The other day some of my big kids took my little kids to the park. This is one of the benefits of having so many kids. There are kids who can drive, who enjoy taking little kids to the park or the trampoline park or on playdates.

Anyway, the kids arrived at the park to find they were the only ones at the playground. It was great for a while. The little kids laughed and played. They ran from swings to slides. The older kids took turns pushing the kids on swings or chatting with each other. A couple of other families joined in the fun when they brought their children to play. The little kids were playing together. Our older kids interacted with the other adults.

And then, it all changed. All of a sudden a group of older teens arrived at the park. They climbed up on the children’s play equipment and chased off the little kids. They made fun of my 15-year-old daughter with special needs. They were verbally aggressive to everyone. One parent stated that she was calling the police.

My kids have been taught how to respond in situations like this. Unfortunately, some of our kids don’t have the social awareness to realize that this could be a problem situation. It would not occur to them that these older teens might do more than just argue and use bad language. So, we’ve told them that if things get awkward, they are always to be safe and leave. So, they did. The older kids herded the little kids to the van and they all came home.

What I can’t understand is why a group of teenagers can’t find a better place to hang out than a children’s playground. I can’t understand how they think it’s okay to make fun of a special-needs child who is years younger than they are. I can’t understand what part of being mean to little kids makes them bigger or better in any way.

It scares me for our future. If people of any age cannot be kind to people of other ages, we have no future. If we are mean to those who aren’t exactly like we are, then we have no future. If we think it’s okay to demean people who are different or struggling, then we have no future.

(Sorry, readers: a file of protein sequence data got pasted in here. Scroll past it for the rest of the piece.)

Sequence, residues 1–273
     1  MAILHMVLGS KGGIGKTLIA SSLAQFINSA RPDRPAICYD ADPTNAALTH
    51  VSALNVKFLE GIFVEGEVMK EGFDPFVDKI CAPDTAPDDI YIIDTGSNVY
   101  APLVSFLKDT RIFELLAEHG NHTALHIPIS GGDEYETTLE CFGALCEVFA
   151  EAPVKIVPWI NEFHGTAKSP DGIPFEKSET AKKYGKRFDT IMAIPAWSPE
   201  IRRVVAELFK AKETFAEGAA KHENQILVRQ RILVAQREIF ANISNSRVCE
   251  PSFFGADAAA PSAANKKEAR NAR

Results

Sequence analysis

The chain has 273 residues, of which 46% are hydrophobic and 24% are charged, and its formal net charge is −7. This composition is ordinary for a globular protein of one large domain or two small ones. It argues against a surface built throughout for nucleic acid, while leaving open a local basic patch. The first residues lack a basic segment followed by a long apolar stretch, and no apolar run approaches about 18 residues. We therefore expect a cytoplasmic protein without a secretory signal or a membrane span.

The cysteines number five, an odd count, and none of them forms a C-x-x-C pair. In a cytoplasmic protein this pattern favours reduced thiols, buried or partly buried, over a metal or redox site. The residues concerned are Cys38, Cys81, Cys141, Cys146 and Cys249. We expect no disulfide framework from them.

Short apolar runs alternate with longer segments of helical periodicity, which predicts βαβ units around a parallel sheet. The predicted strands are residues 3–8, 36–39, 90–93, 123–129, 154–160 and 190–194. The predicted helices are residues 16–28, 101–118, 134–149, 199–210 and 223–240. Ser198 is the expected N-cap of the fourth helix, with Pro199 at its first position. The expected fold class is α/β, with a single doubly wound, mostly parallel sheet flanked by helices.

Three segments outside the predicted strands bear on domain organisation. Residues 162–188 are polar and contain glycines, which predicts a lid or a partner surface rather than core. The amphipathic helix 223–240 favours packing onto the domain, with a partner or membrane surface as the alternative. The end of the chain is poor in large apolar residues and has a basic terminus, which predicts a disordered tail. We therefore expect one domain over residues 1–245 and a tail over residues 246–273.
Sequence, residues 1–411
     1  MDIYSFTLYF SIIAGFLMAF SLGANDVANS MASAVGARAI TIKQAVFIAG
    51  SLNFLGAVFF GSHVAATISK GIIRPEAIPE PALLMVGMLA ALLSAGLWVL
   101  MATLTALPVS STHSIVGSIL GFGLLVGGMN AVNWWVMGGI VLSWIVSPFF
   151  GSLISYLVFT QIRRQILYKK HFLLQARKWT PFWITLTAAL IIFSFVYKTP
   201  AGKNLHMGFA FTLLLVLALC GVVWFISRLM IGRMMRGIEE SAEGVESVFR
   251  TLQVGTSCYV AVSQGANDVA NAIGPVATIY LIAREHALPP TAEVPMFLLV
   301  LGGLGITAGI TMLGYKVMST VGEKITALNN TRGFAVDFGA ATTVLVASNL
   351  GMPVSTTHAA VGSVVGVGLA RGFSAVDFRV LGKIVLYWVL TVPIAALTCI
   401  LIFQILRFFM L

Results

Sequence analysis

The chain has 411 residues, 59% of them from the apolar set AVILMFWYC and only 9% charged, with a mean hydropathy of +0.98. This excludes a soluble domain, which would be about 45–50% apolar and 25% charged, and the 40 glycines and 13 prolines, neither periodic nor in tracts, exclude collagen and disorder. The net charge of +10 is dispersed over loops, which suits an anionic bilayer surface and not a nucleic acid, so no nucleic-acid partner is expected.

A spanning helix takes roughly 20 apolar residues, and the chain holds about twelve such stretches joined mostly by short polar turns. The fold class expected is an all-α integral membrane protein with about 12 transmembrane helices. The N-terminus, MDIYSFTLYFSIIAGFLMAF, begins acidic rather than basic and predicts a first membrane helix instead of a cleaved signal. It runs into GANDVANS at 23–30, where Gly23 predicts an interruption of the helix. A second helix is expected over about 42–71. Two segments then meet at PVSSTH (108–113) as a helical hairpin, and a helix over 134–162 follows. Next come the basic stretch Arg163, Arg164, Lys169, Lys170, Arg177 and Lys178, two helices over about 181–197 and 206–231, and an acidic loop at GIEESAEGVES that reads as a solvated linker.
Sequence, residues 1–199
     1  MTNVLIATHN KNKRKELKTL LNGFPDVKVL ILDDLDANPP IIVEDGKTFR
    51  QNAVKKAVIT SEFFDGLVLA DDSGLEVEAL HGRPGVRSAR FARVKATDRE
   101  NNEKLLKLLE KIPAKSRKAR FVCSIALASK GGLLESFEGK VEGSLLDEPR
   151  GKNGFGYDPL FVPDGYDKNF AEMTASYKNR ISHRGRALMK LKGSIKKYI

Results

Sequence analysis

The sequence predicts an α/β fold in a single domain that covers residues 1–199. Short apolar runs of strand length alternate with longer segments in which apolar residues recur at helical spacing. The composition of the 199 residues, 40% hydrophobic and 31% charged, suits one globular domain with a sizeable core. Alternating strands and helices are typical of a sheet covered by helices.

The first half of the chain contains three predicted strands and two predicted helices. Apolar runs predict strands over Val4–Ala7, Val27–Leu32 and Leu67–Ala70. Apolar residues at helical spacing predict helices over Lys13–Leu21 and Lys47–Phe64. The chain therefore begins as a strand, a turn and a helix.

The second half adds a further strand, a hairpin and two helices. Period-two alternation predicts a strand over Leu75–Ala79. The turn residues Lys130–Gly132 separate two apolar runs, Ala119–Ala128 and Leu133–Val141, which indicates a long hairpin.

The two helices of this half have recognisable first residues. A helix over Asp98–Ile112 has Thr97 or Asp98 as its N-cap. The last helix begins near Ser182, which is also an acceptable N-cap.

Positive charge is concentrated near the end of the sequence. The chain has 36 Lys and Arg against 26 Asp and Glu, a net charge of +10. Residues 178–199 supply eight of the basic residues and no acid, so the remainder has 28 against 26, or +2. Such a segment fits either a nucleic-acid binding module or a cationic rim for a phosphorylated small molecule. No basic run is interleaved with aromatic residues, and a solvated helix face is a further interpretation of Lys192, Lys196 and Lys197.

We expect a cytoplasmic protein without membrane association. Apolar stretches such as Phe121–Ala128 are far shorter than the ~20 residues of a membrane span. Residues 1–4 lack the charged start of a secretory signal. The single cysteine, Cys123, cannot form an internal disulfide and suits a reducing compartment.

We need to educate our children. We need to expose them to younger children, adults, and elderly adults. We need to teach them that the world does not revolve around them, but instead, the world is made up of many different types of people. And, with all of our differences, the world becomes a better place – a place with many layers of personality and experience. We need to teach our children how to be compassionate and kind.

Because the one thing we don’t need in our world is one more hard hearted sole. All people have value, no matter who they are. Let’s help our children to never forget that fact. t

Rev. Kelly Crenshaw is the mom of 16 adopted kids, two biological kids, guardian of one baby girl and foster mom of dozens. Some are lesbian, some gay, some straight, and some bisexual. Kelly founded a K-12 day school where kids could have a safe, bully-free environment for learning. She is co-owner of a counselling agency that works with children and their families.

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Rev. Kelly Crenshaw
Rev. Kelly Crenshaw
Rev. Kelly Crenshaw is the mom of 16 adopted kids, 2 biological kids, Guardian of one adorable toddler, and has been the foster mom of dozens. Some are lesbian, some gay, some straight, and some bisexual. Kelly founded a K-12 day school where kids could have a safe, bully-free environment for learning. She has worked with kids in the foster care system for over two decades, actively advocating for all kids, but especially those in the LGBT community. And, in her spare time, she can be found preaching in some of our area’s most LGBT-friendly churches. Feel free to send your parenting questions to her at Pastor.Kelly@comcast.net.
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